The mentor is someone who is willing and ready to assist a young person on his or her career journey. From time to time, we can all benefit from having someone in our life that is willing to champion our cause, encourage us and provide instructive feedback. Such a relationship is helpful because it strengthens our skills and related competence.

Mentoring is at once a sober responsibility and a great privilege. Mentoring is a wonderful way to give something back to the next great generation. Psychologist, Erik Erikson, referred to this process as “generativity.” Those who are warmly connected to society have a stake in contributing their skills and abilities to society and have a stake in sharing their knowledge and insights with future generations. Society, obviously, is better off because of those who care to and in good faith invest time and effort in young people who are our future.

Mentors inform, counsel, advise and support young people. Mentoring is a wonderful validation of what our careers have meant to us. It is rewarding to help to pave a smoother career path for young people with whom we identify. Young people whose high aspirations and hopeful desires of future success profoundly encourage our generation as well. So, we encourage them and in turn their hopeful attitudes and excitement encourage our faith in the future.

Mentors helped me to set a course of high achievement and professional growth. I received caring guidance along the way from those I trusted – whose advice I almost always took. As a young person, my mother (Helen) encouraged me. She provided gentle and persuasive guidance. As an undergraduate student the chair of psychology (Dr. Saltzman) encouraged me to go to graduate school. During undergraduate school my biology professor (Dr. Holland) was also a wonderful advisor and mentor. Dr. Holland’s warm and caring advice to many others and me inspired us to high academic attainment. Dr. Holland’s door was always open to his students and his advice was always heart felt, intelligent and respectful. Dr. Holland’s reflective and dignified demeanor is something I’ve consciously tried to emulate in matters professional. During graduate school, I had the mentorship of Drs. Intons-Peterson and Kennon Shank. Since the beginning of my psychology career I’ve had the benefit of mentoring from Drs. Dietch and Clausman. It was Dr. Dietch who advised me about how to become a medical expert to U.S. Federal Judges. His advice worked, I have done such forensic consulting for over a decade now.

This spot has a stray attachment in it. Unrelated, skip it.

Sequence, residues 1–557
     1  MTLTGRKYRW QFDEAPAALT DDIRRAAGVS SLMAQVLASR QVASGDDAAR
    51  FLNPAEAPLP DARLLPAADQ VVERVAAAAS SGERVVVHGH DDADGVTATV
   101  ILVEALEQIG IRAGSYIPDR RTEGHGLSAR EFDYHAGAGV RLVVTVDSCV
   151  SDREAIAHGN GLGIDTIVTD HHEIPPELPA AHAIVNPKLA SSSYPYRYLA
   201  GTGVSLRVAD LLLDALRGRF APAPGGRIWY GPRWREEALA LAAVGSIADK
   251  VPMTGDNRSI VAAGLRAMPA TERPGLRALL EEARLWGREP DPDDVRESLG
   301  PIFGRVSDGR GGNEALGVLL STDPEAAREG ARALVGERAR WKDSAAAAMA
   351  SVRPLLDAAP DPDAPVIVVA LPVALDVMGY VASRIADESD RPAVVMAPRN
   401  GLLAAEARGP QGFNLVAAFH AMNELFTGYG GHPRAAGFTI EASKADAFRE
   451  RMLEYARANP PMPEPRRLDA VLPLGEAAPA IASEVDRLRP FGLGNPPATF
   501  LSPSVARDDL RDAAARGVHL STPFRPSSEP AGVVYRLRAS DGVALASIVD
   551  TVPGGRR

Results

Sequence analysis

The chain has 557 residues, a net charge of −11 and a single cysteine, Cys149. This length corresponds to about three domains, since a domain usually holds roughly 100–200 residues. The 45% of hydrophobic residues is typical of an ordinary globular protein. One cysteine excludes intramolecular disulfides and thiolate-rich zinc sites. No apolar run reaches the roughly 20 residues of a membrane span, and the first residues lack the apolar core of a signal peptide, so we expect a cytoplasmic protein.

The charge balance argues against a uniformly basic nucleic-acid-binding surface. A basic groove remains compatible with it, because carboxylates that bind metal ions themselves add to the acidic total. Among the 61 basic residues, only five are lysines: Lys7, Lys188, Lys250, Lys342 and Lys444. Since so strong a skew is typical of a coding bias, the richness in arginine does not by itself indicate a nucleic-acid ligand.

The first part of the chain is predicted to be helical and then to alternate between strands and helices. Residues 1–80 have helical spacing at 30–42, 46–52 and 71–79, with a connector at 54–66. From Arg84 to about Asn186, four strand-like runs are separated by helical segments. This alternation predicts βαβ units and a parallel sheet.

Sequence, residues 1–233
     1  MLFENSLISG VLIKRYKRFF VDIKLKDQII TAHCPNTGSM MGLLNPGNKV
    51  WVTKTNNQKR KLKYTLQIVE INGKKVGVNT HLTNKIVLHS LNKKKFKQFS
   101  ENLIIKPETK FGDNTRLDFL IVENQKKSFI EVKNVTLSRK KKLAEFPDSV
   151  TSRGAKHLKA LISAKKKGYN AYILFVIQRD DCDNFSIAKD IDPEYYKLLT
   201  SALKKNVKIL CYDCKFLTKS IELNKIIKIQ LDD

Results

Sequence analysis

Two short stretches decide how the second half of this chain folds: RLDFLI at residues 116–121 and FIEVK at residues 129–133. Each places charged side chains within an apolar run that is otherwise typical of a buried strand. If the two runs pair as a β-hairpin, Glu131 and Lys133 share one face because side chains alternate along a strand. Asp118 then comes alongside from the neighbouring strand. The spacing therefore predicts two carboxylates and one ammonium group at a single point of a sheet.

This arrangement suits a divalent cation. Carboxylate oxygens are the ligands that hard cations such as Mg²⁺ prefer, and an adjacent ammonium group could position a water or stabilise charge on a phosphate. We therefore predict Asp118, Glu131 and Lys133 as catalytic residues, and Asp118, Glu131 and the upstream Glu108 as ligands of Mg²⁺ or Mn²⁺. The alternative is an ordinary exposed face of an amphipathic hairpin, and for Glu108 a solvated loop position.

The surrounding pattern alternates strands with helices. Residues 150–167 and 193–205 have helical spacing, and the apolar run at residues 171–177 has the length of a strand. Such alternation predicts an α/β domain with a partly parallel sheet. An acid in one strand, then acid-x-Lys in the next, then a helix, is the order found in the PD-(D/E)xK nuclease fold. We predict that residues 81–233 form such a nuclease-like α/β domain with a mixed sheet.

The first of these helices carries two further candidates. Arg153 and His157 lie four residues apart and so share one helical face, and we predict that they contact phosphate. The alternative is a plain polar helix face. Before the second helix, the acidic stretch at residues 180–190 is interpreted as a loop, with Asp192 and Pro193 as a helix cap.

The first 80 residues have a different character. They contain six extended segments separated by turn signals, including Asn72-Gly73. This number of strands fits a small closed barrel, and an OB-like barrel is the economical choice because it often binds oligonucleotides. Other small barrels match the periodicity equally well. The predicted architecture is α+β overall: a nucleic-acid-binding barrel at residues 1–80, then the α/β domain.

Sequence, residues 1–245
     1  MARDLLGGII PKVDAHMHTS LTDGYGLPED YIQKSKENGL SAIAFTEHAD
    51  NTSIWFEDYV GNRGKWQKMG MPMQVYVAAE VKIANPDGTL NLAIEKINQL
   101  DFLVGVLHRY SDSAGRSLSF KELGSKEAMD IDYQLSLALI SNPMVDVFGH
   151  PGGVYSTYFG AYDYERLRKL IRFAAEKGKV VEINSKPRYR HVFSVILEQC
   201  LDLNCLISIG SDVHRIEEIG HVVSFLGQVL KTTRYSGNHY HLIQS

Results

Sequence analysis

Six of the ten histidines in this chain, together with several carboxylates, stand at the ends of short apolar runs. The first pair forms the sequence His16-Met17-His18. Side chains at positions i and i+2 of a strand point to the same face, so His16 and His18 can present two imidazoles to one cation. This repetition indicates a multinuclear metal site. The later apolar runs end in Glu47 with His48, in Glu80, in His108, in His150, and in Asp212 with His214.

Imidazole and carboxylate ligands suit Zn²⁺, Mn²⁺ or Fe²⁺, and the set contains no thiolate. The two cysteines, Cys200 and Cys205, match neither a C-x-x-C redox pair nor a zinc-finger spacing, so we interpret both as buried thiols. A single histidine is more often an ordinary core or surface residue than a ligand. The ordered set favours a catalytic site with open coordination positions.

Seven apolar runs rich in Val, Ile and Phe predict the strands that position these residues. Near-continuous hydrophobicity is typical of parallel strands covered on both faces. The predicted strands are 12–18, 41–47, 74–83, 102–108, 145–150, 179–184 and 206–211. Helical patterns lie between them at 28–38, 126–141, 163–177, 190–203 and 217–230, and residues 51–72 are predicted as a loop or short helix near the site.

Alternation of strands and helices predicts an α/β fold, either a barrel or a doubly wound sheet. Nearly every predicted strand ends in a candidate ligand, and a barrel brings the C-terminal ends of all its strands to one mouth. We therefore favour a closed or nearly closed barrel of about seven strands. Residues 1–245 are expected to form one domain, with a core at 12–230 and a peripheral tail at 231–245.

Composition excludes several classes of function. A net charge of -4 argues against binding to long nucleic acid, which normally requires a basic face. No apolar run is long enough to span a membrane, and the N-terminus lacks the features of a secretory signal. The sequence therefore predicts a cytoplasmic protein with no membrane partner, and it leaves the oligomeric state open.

I have many wonderful stories to tell about my mentors and I am sure you do as well. Let’s not forget how others sacrificed time and effort to help us find a future we could be proud of.

Unfortunately, many young adults do not have mentors. They do not have academic mentors in their field of interest. The lack of academic, field specific, mentoring is especially true of underrepresented minorities, African Americans, Hispanic Americans and American Indians. I am hopeful that through’s website we can provide mentoring support to thousands of individuals.

Minorities are grossly underrepresented as incumbents in the best careers in America. In the top 240 careers in America, African American participation across careers is about 6%. And, in many top careers particularly in high paying science professions their participation is often less than 1%.

As a minority, I know first hand that the road traveled by minorities is often a bit bumpier. Caring, intelligent, culturally competent career guidance helps to pave a smoother path. There is no question in mind that mentoring will lead to greater minority career participation in America’s best jobs.

A few words, now, about It is an informational, motivational and educational website. We hope to intelligently encourage and support the aspirations of young people. The provision of mentoring advice is a crucial aspect of what we do. Our mentoring activity is computer based and is generally referred to as cyber-mentoring. However, because of the importance of face-to-face meetings, we will have several half-day seminars each year for subscribers. We hope to persuade young adults (college students) to strive for academic excellence. We want to help young adults prepare themselves for challenging graduate or professional school academic work. Ultimately, we want to help them prepare for challenging professional careers. We do not seek to replace other mentors in the lives of subscribers but we do intend to provide helpful additional information and guidance about academic matters and careers that mentees might find usable. We are not guidance counselors nor are we vocational advisors but we are trained in and work in the specialty area from which vantage point our advice flows.